Me too. That's why I recently received bids from about 6 luthiers for a truly custom bass I'm hoping to have totally spec'd out soon.

    However, when it comes time to put on the nice clothes and get people on the dance floor, my "pretty" sounding LB75 practically signs the checks.

    ALWAYS enjoy knowing what you have to say, smilies be damned.
  8. Albino_Ryno

    Albino_Ryno Guest

    Sep 17, 2000
    Knoxville TN
    My predicament is that I like the sound of a jazz bass and I want active electronics. After looking at the specs on the carvin I realized I would be getting better woods, better electronics and just better workmanship than on the MIM Fender. I've never played a Carvin or even heard a Carvin played by someone else so that alone makes it hard for me to determine whether or not I would like the sound. The one thing I'm worried about is I've heard alot of complaints about MiM electronics plus as someone said earlier the humbucker on the carvin will puch through the mix when things get louder, I'v never played a jazz live so I'm not sure if it will.
  9. rickbass

    rickbass Supporting Member

    I think you've got the quality issue figured out, Albino. The Carvin is simply in a different league. Rosewood fingerboard (Fender) vs. ebony (Carvin)? Pleeeaasssse.
  10. brianrost

    brianrost Gold Supporting Member

    Apr 26, 2000
    Boston, Taxachusetts
    I used to own both a MIA Fender Jazz Deluxe 5 and a Carvin B5.

    Of the two, the Carvin was superior in most ways:

    1. It just played better. Yes, I had a pro setup done on the Fender but it just never felt quite right.

    2. The Carvin allows both passive and active operation, the Fender does not. The passive mode gets closer to the "vintage" J sound . Carvin's pop up battery holder is more convenient, too.

    3. Carvin uses ebony boards which I prefer greatly over rosewood or pau ferro (all Fender 5s use pau ferro).

    4. Not an issue on a 4 string, but I preferred the headstock balance of Carvin (3 +2) vs. Fender (5 in line)

    5. The Carvin is MUCH cheaper than the MIA Jazz Deluxe.

    If you're looking at the MIM Jazz Deluxe, there is NO contest. I never owned one but used one on a gig once and disliked it even more than the MIA Deluxe.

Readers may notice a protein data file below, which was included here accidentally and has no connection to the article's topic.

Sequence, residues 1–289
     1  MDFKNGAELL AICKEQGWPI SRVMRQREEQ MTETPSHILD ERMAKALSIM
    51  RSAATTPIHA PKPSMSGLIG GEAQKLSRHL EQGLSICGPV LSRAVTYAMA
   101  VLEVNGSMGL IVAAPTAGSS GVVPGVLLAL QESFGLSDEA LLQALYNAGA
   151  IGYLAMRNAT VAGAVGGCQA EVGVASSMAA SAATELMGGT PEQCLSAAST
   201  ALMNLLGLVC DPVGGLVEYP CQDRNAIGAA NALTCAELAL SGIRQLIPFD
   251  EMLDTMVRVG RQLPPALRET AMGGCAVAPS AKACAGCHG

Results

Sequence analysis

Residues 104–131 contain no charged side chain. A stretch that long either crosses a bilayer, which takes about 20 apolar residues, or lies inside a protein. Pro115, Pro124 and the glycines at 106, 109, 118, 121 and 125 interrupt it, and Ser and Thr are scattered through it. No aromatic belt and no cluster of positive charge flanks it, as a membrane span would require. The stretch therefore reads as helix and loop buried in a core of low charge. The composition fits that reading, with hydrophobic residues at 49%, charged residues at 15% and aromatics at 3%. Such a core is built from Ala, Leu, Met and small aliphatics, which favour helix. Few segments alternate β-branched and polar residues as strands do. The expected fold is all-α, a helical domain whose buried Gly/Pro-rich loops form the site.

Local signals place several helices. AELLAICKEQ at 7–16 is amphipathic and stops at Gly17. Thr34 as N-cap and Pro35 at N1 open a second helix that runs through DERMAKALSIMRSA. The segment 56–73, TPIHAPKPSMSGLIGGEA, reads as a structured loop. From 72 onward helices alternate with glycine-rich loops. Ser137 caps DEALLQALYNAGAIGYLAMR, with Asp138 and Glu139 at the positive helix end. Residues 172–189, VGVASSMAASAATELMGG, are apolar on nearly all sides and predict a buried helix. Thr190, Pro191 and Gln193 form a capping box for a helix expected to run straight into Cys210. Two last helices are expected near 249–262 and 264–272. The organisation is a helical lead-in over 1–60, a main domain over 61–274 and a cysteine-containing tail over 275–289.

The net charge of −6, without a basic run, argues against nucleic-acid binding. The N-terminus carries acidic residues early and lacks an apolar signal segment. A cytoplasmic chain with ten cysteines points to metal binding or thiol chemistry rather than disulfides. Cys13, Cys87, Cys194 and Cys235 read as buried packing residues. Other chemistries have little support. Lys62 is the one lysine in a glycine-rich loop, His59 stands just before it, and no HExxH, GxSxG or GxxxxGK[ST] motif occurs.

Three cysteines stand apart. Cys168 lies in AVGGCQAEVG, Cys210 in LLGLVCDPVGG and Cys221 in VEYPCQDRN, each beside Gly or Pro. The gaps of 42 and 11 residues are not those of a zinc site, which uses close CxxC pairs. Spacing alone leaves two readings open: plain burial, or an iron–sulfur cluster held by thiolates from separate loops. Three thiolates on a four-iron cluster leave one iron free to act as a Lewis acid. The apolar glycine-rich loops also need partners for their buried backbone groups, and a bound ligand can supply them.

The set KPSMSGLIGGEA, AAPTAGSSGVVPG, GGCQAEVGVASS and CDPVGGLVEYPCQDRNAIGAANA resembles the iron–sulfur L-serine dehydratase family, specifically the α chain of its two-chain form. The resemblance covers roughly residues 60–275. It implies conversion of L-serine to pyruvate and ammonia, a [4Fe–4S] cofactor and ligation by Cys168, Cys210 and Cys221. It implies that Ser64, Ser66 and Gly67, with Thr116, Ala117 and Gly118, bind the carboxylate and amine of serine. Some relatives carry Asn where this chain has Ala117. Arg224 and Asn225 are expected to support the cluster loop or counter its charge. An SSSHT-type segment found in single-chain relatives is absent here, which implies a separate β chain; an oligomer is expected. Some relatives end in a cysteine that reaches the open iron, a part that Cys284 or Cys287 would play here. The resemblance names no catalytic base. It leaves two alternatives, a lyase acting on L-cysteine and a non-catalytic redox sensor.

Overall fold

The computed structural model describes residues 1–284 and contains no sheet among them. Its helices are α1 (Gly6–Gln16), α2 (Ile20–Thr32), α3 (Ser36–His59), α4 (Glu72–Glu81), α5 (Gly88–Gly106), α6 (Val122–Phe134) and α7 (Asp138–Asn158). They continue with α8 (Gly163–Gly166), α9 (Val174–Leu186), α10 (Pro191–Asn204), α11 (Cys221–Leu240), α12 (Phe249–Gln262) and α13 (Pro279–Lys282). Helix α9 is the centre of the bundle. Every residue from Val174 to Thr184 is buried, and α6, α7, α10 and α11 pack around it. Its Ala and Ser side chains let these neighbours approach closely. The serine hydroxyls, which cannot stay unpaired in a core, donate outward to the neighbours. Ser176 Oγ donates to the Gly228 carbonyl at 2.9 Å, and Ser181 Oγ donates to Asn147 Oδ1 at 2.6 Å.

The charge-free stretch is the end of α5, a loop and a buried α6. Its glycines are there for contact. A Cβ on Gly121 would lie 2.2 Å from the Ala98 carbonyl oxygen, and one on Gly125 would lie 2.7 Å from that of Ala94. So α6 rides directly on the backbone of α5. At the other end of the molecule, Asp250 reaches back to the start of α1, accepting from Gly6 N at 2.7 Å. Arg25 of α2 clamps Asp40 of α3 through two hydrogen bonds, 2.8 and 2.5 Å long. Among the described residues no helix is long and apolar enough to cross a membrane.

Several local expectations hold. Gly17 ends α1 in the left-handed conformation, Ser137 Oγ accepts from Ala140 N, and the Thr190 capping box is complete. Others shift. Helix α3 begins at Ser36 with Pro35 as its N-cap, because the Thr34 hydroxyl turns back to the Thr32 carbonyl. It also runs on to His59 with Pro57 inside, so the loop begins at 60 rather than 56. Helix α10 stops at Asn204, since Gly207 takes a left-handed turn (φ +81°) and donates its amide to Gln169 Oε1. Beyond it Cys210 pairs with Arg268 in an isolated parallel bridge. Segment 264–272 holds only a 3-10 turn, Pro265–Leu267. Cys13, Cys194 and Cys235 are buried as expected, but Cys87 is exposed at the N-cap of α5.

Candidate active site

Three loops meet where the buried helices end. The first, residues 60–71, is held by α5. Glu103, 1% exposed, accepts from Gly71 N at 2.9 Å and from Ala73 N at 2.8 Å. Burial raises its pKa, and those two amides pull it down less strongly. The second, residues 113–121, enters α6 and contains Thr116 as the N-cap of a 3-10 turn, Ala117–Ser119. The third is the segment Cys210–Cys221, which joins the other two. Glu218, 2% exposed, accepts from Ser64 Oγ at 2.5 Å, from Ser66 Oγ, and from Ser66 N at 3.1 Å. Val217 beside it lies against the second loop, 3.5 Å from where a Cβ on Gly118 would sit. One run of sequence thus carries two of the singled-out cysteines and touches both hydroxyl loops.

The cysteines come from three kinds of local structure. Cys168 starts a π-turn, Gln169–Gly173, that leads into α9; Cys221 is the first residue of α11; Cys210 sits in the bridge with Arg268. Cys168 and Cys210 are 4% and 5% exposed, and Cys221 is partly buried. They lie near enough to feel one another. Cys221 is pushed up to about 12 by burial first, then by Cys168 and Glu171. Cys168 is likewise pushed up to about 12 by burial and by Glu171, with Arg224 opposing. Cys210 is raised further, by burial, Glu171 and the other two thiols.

Although I like Fenders fine (I have two Ps and a J) I don't care for the Jazz Deluxe at all, I would go for the Carvin especially if you think the MM style pickup option would be of use. As you noted, the humbucker's fatter tone helps punch through. This is one reason I've always preferred P basses over Js.

    Good luck.
  11. seamus


    Feb 8, 2001
    I have 2 Jazzes(only play one of them now) and an LB75. Each has it's ups and downs, but the Carvin has more ups when it comes to construction and playability. I like the sound of my favorite Jazz, due mostly to the active pre-amp I installed though.

    I have never played the bolt neck Carvins, but I would bet they are of quality construction. My LB75 plays nice and looks great. I'll say this for Carvin, love em or hate em, they do nice work on fit and finish - period.

    If something is ever wrong when you first get a Carvin, you have 10 days from the time you receive it to call them and have them make it right. Their active electronics could use some more balls in my opinion, but it's better than not having any at all. I honestly don't have any major gripes about their basses or bass amps, but I think their wattage ratings are a little...lofty at times.

    Here's how they measure up for me:

    Playability - Carvin

    Appearance - Tied, I love the overall look of them both(LB75: Blueburst w/ MOP blocks on ebony fingerboard, Jazz: White p/g on black body, maple neck with black blocks and binding w/ BAII bridge, both are maple neck and alder body)

    Construction - Carvin all the way(the Fender is no slouch, just not as detailed)

    Adjustability - Carvin again, the neck joint
    truss screw on the Jazz REALLY gets me mad!

    Sound/Tone - Tied, I like them both depending on application

    Detailing/Finish - Both are nice, but the Carvin exhibits a more refined presentation

    Value - Tied...The Carvin was plug and play after a few adjustments, no additional money was invested. I got the Jazz at a real nice price, but it did not win my affection until I installed the pre-amp, which was NOT cheap.

    Coolness factor - Fender all the way!(sorry, I was feeling bad talking about my Bessie while she ain't here). :(

    Overall Recommendation - Sorry, it really depends on the application, preference, etc. I can *tell* you to get one or the other, but it's just not meaningful. It's something you will ultimately have to decide on your own.

    My one recommendation would be to not ignore some other brands in this price range. They're not ALL worth a look, but some ARE. Best of luck to you in your decision. :)
  12. boogiebass


    Aug 16, 2000
    Man, you can get a used MIA Jazz Deluxe for 5 bills! Check EBay on any day. I would take the AmJazzDlx over any Carvin made, any day. Carvin's never quite sound good to me, thin or something, not sure exactly what. The AmDlxJ on the other hand, is a terrific bass.
  13. cassanova


    Sep 4, 2000
    My MIM Duluxe Active Jazz has stacked humbuckers in them. One of the added goodies Fender puts in them. I havent played a Carvin bass, due to availibity reasons, but from what Ive read, Carvin has a terrible resale value if you should want to sell it, The Fender will have a better resale value. I would think the Carvins are a bit better constructed than the mim Fenders (see my post called factory defect) another thing i dont like about Carvin is that if you are not satisfied and want to return it for a refund or servicing you have to pay shipping costs again.
    I myself seeing you said you like the jazz tones, would go for the jazz bass.
  14. Suburban


    Jan 15, 2001
    lower mid Sweden
    Do you NEED a Fender?
    Otherwise, I'd say stay off it!
    It's like Mercedes, lots of name, nothing real special. Just my humble opinion.

    And now I shall go into witness protection , or get my head chopped :D
  15. seamus


    Feb 8, 2001